(June 2011) Dynegy appoints interim president and CEO; Navigant adds new energy practice director; plus senior staff changes at Emera, ConEdison, Energyplus Holdings, and others.
Marketing & Competing
HOW DO CUSTOMERS RESPOND TO REAL-TIME PRICING?
Even when the customer is a commercial or industrial organization, the answer can prove illusive.
Real-life responses to RTP depend on the entirety of the incentive and monitoring systems, group dynamics and individual personalities. Managers within an organization respond to RTP signals based on information and incentives that only they can know and comprehend. Only people employed by the organization are privy to these intangibles, which remain highly idiosyncratic within any organization. As a result, any analysis of RTP responses can never rise above the preliminary or the suggestive.
The ability to self-generate to provide stand-by or backup power allows a customer to shift load off the system when prices exceed the costs of self-generation. In addition, the product lines produced by a customer, the industrial processes used, and the desire or need for employee and customer comfort are important considerations affecting individual responses. Incentives for cost-saving and the sanctions for violating company guidelines may be decisive in assessing the ability to respond to RTP signals. Moreover, the specific conditions that vary from one hour to another during the day, such as temperature and climate conditions, are more important in some organizations than in others. Only the employees know how to respond optimally on a real-time basis.
As a conceptual framework, a responsive customer is both able and willing to increase, shift or shed load. Increasing load during off-peak periods, and shifting load from peak to off-peak periods, obviously benefits the supplier since a larger or equal load is taken during a period when costs are lower. The only proviso is that the contribution during the off-peak period equals or exceeds the contribution on peak.
Load Controls: Manual vs. Automatic
Typical RTP customers are large industrial firms with at least 1 megawatt of non-coincidental demand. Overall, the larger the customer's load, and the more flexible its production and process scheduling, the greater its ability to reduce or shift usage from system peak to off-peak periods when provided with proper incentives.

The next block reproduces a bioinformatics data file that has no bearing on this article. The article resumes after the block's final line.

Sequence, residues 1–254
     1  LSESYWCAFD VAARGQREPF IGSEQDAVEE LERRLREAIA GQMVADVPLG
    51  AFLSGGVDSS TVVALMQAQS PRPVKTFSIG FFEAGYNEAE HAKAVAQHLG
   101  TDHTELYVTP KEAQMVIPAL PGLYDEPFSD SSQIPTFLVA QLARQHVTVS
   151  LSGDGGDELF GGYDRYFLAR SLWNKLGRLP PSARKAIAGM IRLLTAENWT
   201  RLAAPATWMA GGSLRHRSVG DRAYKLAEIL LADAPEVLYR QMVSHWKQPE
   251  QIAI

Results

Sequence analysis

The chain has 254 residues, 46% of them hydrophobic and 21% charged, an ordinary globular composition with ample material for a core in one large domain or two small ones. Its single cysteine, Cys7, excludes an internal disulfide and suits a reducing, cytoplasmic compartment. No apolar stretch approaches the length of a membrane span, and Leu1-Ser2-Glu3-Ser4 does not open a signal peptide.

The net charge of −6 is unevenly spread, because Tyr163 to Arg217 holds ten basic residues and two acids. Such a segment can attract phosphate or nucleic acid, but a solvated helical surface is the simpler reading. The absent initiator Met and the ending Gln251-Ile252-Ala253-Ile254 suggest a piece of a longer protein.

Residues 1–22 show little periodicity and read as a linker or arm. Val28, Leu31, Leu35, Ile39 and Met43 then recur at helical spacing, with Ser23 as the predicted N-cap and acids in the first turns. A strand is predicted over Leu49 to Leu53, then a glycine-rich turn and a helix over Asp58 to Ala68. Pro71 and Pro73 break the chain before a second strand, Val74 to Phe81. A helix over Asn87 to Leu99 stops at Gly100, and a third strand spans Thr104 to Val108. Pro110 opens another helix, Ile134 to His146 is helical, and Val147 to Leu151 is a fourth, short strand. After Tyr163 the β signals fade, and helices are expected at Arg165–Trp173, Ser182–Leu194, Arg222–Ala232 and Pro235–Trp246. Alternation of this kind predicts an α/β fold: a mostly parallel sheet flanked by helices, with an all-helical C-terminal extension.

A response to RTP prices can be accomplished manually or through automation. A manual response involves an employee or group of employees who physically turn equipment and fixtures on and off. An automated response involves little or no physical activity, since electronic devices turn the equipment on and off. This response allows computers to talk to other computers programmed to respond to predesignated signals.
While automated response measures require more equipment and capital expenditures, management avoids many principal-agent problems involved in administering the programs and monitoring the actions of those who carry out the manual response measures. Manual response measures require less capital but more administrative effort.
A responsive customer is able and willing to:
Increase load during off-peak periods. Super-cooling and heating are among the primary ways commercial customers respond to RTP price signals, but they are constrained by a desire to maintain levels of comfort and avoid a degraded environment. Moreover, commercial customers do not demand large incremental loads despite how low the price of electricity may become. And in response to high